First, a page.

Association between CIMP status and clinico pathologic and molecular features was analyzed using χ2 and Fisher exact test for heterogeneity. Crude survival was calculated using Kaplan-Meier method and estimates were compared using the Log-Rank test. Relative survival was defined as the ratio of the observed survival rates to the expected survival rates in a population with similar sex and age distribution derived from local mortality tables. Multivariate relative survival analyses were performed using a generalized linear model with a Poisson error structure based on collapsed data using exact survival times as proposed by Dickman and colleagues ( 11). The significance of the covariates was tested by the likelihood ratio test. Relative survival estimates were computed using STATA 10 software. Multivariate survival analyses in MSS group were adjusted for classic clinico pathologic variables (stage and age) and for molecular features that showed significant effect or borderline effect (P < 0.1) in univariate analyses (KRAS and BRAF mutational status) after merging stage I and stage II patients (only 1 patient belonged to CIMP-high and stage I subgroup).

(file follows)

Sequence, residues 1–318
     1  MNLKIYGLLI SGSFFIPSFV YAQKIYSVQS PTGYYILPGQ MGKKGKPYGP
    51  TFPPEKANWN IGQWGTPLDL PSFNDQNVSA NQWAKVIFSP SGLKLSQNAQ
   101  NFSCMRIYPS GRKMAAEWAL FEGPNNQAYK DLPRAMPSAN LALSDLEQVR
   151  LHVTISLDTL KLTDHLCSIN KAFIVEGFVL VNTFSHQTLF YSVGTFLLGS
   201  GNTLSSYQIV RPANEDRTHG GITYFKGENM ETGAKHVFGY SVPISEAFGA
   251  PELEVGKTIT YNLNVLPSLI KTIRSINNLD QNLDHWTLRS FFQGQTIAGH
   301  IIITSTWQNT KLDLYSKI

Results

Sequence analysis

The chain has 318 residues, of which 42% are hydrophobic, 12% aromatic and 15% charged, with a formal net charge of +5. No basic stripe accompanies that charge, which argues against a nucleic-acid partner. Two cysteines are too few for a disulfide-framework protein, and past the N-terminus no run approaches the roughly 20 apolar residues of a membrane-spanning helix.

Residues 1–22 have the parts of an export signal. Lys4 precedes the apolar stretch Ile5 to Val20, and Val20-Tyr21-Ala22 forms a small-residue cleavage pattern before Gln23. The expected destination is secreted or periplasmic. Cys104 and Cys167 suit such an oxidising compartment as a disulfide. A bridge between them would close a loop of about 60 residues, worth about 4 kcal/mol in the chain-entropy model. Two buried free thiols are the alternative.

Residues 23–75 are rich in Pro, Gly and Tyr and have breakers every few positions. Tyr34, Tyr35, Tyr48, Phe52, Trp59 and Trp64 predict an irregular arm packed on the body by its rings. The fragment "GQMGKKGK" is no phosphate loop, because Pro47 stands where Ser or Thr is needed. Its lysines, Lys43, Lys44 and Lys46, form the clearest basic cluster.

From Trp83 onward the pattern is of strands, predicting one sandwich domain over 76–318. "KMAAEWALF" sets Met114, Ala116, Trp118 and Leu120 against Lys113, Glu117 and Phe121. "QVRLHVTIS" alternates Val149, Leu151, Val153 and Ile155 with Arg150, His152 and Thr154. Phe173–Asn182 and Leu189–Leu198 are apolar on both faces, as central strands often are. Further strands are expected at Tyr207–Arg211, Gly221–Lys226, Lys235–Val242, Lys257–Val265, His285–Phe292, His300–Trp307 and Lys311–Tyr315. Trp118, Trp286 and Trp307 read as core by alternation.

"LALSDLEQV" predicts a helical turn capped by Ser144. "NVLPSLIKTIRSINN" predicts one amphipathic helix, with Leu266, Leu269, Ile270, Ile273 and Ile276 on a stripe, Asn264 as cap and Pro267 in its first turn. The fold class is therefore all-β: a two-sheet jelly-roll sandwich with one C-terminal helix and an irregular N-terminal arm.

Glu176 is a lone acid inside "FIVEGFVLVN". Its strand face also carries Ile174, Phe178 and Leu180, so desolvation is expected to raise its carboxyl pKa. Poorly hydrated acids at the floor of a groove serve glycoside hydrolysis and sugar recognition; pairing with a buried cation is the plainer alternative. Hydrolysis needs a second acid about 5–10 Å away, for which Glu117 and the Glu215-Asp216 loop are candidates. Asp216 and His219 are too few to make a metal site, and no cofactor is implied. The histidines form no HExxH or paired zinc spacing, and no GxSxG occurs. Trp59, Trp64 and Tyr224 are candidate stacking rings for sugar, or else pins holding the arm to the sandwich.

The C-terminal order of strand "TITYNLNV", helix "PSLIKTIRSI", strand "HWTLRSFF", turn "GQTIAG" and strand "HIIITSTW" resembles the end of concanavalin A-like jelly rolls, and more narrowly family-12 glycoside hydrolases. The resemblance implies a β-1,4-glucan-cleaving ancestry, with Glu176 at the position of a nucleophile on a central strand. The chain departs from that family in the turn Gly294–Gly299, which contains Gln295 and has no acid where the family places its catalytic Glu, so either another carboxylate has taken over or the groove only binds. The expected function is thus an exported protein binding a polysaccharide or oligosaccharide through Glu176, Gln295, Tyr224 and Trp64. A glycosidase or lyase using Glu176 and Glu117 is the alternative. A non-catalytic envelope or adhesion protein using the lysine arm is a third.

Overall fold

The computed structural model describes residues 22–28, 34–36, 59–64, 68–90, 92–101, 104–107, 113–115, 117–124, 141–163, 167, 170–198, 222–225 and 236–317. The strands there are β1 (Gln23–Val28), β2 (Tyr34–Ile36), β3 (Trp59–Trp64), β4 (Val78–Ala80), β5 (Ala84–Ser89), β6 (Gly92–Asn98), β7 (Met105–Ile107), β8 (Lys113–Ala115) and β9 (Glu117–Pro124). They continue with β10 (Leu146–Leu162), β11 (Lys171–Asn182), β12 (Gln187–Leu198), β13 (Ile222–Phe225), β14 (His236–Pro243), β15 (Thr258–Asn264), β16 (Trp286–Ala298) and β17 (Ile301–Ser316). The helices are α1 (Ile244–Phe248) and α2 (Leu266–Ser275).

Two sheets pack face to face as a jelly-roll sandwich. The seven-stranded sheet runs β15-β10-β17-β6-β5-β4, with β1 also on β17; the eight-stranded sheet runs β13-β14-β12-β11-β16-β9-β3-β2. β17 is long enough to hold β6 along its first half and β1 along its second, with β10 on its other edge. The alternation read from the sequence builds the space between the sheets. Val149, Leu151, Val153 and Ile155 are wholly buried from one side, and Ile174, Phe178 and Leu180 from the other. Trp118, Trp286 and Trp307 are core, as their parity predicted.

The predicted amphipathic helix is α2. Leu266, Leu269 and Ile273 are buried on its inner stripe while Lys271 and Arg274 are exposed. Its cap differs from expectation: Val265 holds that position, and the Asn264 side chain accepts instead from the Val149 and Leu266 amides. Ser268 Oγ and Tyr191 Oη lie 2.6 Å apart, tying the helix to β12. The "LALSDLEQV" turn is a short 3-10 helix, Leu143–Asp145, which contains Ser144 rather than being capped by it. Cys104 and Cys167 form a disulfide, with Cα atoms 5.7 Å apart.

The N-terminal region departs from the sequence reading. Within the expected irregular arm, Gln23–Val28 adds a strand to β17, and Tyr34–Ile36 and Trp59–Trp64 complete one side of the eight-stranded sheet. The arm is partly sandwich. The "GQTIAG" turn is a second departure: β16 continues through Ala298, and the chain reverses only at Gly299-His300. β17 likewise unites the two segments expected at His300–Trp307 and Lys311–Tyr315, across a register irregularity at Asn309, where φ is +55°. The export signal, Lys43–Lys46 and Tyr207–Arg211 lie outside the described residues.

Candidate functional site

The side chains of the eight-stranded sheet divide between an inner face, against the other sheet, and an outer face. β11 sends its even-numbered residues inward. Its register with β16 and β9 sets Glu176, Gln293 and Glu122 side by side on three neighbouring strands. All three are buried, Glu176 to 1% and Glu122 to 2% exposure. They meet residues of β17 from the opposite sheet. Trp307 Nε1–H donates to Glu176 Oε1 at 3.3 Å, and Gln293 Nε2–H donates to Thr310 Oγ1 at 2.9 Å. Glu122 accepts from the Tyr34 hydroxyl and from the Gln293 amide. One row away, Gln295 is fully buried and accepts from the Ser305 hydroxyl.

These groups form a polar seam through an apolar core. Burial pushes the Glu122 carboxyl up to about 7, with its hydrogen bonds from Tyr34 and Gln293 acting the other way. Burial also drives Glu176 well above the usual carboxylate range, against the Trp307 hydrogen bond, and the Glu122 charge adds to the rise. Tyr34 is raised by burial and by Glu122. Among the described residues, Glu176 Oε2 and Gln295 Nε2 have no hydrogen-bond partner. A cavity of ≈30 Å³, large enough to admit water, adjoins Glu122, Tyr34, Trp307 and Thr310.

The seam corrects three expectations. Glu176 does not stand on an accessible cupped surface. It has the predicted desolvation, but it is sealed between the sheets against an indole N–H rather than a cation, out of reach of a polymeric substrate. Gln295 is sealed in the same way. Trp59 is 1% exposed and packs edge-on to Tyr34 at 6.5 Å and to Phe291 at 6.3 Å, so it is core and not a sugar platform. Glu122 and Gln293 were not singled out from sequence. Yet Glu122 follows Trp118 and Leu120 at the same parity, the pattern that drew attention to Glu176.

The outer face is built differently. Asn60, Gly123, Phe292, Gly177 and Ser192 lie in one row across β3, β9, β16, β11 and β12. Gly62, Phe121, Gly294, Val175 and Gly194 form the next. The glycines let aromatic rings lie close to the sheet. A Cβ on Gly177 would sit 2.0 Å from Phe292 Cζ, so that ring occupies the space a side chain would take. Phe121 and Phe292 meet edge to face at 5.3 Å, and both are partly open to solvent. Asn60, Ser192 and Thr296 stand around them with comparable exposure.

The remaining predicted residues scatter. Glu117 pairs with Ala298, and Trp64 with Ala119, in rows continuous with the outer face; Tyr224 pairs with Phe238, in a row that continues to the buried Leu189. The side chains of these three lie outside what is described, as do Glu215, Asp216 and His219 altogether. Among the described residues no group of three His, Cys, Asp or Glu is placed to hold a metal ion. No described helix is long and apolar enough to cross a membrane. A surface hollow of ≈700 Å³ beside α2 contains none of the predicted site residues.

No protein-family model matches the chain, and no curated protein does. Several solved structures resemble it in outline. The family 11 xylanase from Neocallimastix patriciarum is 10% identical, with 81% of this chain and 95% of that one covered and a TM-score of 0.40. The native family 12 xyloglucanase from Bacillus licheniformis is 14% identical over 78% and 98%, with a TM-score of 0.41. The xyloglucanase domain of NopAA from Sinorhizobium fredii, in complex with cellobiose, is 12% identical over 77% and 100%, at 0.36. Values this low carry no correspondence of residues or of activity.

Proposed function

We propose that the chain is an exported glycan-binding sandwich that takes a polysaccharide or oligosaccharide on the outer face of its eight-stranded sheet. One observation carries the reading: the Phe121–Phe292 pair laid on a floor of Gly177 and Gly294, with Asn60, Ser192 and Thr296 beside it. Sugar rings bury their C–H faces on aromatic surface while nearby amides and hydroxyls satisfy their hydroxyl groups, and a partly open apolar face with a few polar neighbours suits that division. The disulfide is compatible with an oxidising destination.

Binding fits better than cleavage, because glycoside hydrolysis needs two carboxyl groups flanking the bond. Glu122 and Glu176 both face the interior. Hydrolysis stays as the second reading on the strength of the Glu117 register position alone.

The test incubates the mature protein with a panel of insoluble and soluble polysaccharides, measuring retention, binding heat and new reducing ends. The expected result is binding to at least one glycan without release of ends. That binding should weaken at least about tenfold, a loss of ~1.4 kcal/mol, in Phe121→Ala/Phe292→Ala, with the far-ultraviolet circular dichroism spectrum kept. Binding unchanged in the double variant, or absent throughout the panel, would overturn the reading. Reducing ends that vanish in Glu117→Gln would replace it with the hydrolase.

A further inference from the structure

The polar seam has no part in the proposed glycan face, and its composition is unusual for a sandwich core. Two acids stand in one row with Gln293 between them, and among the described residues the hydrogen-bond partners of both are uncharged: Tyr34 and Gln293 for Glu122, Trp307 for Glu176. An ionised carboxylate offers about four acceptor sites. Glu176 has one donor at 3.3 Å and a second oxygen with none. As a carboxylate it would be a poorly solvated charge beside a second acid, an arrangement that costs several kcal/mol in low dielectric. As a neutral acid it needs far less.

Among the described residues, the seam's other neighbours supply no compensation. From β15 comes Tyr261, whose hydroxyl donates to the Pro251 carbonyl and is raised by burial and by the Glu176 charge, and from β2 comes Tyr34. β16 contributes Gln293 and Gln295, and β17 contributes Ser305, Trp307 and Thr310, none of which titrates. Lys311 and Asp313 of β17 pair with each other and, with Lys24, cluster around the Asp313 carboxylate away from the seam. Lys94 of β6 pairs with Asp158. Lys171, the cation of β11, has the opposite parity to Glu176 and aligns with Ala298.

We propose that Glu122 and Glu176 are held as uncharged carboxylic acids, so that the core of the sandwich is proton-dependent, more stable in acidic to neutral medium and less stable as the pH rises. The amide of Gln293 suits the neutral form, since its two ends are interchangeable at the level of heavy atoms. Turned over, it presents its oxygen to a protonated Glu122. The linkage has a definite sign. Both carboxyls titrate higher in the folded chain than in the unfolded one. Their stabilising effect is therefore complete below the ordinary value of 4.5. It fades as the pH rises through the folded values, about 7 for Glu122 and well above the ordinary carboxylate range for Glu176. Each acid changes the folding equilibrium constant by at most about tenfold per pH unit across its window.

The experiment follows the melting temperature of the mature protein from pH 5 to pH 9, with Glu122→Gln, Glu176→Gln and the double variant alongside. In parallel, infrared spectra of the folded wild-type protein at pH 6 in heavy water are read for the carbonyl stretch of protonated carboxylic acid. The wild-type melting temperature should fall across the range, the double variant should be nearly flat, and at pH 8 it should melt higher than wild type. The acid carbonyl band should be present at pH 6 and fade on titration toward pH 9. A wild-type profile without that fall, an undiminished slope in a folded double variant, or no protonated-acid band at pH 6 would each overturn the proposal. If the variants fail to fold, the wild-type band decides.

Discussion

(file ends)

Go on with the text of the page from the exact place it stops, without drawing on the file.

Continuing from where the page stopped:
CIMP status was successfully assessed in all cases. Methylation frequencies in the 582 patients were 12.2% for hMLH1 (71 cases), 26.3% for P16 (153 cases), 21.7% for MINT1 (126 cases), 29.9% for MINT2 (174 cases), and 37.1% for MINT31 (216 cases). Among included cases, 286 were No-CIMP (49.1%), 199 were CIMP-Low (34.2%), and 97 were CIMP-High (16.7%).
Clinicopathologic and molecular features according to methylation status among the whole population. The characteristics of tumors according to their methylation status are summarized in Table 1 .
CIMP status was significantly associated (P < 0.001) with sex, location of the cancers, age, MSI status, BRAF mutation, and KRAS mutation.